Jesse Kelsey, Jr.

The Jesse Kelsey, Jr. Murder

 By Pat Aldrich, Curator

The Curator, March 2004

The Society’s Collection has a wonderful piece of Washington Township history.  It is a copy of the court testimonies taken from 27 witnesses after the murder of Jesse Kelsey, Jr. on September 7, 1862.  The twelve page document is hand written on both sides of 8” x 12” paper.

Jesse Kelsey, Jr., born on April 29, 1829, was the son of Jesse Kelsey, Sr., one of the area’s most prosperous farmers.  Jesse and his wife, Unity, were expecting their first child.  Their farm was located about a mile and a half south of Centerville on the southwest corner of what is now the intersection of Dayton-Lebanon Pike and Spring Valley Road.  Their home sat near the present Kroger Store.

At midnight, Unity awoke and saw a man standing over them in their downstairs bedroom.  She woke up her husband, who spoke to the intruder.  The intruder fired his pistol at him.  As Jesse pushed Unity out of the room, the intruder fired again.  Jesse pushed Unity out of the house, told her to save herself, and then fell.  Unity screamed and rushed to awaken their house girl, Serelda Montgomery.  Together they ran across the orchard to John Allen’s farm north of Spring Valley Road.  John, along with, Aaron Robbins and Perry Reeder went to Kelsey’s farm.  When the men found Jesse dead, they went for the coroner in Dayton.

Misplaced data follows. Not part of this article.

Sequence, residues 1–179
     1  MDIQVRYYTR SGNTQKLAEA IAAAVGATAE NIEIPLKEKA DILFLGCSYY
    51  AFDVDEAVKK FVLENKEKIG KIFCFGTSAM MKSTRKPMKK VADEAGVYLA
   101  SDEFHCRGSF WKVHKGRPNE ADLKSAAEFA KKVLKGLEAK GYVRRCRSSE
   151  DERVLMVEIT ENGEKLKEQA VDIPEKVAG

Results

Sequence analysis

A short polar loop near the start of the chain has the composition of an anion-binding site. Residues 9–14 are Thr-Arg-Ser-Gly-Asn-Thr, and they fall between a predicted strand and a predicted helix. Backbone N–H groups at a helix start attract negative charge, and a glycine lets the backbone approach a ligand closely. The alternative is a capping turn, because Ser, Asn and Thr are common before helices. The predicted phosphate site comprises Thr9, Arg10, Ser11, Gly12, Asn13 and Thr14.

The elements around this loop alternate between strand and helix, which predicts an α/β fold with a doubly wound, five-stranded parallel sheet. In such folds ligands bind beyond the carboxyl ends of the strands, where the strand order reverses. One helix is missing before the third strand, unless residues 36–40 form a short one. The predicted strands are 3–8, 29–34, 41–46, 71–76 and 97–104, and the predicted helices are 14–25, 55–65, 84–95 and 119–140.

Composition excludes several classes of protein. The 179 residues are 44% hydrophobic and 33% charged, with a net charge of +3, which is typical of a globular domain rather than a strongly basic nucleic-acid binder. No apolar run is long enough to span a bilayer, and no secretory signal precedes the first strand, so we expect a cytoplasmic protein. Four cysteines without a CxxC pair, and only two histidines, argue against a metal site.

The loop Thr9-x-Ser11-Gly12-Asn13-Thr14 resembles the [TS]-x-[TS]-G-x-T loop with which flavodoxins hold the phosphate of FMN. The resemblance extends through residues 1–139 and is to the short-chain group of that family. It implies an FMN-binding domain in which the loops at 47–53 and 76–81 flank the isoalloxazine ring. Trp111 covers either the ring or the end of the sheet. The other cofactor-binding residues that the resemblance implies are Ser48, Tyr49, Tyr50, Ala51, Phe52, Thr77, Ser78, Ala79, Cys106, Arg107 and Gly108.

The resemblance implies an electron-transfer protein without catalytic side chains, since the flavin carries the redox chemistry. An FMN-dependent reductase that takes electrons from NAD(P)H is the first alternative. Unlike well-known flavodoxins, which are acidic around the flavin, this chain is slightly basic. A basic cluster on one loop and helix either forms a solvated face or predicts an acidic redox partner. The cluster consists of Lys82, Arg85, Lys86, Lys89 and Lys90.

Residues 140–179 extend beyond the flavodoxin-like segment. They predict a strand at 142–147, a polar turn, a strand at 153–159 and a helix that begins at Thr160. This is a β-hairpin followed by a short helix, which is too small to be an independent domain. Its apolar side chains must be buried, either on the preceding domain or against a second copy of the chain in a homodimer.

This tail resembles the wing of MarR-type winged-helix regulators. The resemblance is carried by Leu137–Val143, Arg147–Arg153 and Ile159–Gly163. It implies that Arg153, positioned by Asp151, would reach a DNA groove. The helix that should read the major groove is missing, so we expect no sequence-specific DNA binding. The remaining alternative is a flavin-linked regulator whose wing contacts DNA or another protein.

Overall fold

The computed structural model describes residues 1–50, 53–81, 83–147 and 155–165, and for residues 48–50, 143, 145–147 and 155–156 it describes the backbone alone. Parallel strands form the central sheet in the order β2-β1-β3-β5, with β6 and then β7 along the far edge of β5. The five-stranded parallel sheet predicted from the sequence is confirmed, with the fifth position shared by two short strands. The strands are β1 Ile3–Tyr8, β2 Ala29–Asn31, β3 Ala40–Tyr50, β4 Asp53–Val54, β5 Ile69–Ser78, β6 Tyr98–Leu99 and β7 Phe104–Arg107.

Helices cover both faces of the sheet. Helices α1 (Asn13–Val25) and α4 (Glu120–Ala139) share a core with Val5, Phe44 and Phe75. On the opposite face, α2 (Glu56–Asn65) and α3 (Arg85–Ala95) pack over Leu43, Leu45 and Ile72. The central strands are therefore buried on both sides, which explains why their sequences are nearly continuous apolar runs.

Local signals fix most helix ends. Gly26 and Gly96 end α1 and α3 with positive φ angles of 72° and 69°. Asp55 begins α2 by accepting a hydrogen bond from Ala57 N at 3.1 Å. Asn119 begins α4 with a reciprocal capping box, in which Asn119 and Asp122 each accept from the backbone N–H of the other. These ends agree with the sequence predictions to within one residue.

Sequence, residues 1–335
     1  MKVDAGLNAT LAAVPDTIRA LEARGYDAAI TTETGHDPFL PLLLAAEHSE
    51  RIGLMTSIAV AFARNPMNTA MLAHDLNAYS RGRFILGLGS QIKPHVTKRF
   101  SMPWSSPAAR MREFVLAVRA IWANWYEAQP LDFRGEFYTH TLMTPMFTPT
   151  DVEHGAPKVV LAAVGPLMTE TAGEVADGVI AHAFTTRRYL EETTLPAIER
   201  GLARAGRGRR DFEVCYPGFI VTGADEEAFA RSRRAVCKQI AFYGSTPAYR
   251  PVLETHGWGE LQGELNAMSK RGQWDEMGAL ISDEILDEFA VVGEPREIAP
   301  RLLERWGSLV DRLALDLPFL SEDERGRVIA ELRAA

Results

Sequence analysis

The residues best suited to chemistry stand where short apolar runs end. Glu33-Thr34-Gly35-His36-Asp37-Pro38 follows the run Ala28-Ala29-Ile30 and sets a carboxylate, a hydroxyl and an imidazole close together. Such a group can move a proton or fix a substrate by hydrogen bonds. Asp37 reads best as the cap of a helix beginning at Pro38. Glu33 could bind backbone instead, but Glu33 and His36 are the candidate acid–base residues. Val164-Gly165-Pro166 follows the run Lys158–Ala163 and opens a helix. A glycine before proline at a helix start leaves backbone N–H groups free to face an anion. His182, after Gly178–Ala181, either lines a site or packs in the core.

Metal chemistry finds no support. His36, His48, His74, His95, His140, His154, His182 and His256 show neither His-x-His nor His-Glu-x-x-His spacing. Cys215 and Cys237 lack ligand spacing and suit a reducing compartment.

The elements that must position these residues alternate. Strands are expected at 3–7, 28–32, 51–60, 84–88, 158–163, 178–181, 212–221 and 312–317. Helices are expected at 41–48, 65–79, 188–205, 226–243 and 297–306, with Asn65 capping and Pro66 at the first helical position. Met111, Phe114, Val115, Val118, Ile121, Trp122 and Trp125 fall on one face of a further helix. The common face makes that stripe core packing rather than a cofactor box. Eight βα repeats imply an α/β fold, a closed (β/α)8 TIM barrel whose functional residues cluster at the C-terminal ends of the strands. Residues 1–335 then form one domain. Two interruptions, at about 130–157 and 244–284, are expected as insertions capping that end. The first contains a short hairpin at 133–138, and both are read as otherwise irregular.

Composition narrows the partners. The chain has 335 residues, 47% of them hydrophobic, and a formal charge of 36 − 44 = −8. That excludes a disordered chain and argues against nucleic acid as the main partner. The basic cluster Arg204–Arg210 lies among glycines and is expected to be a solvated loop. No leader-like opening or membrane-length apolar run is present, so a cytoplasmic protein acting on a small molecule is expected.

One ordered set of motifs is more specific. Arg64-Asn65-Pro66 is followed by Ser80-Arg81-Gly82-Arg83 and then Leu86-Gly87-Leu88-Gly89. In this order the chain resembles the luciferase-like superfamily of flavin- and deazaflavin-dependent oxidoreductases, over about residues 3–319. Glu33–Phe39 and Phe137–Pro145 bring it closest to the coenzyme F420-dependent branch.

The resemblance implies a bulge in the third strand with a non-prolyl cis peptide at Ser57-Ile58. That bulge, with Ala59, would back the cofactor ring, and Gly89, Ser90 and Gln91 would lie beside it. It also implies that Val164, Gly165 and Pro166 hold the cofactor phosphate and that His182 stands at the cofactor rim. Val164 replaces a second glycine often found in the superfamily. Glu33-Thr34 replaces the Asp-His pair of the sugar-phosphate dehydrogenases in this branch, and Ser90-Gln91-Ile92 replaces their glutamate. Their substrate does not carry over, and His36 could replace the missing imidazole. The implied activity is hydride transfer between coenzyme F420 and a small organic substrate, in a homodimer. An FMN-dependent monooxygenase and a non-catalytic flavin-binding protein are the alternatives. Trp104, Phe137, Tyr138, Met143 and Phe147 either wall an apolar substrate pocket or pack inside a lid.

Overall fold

Samuel Robbins went with them.  He and his brother, Aaron, and their parents, Samuel and Mary Ann, were living with John Allen.  Samuel, the father, was a blacksmith, had been the first mayor of Centerville in 1830, and was the son of Centerville founder Benjamin Robbins.  Samuel, the son, had just returned from the Civil War, probably AWOL.  That night after the murder, his behavior was “agitated and confused” and he could “scarcely talk.”  When pressed he claimed that he saw a man riding very fast out of Kelsey’s gate.  He said he tried to catch him but could not because the leather strap to his stirrup broke.  Samuel was dressed in a light linen coat, black pants, and straw hat with broad black band, which matched Unity’s description of what the intruder was wearing.  Also, several witnesses saw Samuel with a pistol the day before.

Samuel Robbins was arrested for the murder of Jesse Kelsey, Jr.  He was tried, found guilty of first-degree murder, and hanged for his crime.  In 1980, the statements were discovered by descendants of the Kelsey family in an old antique roll-top desk and were donated to the Historical Society.  In Howard R. Houser’s book “Pieces of the Past” he uses the testimonies to tell the story, entitling it “An Indian Summer’s Madness.”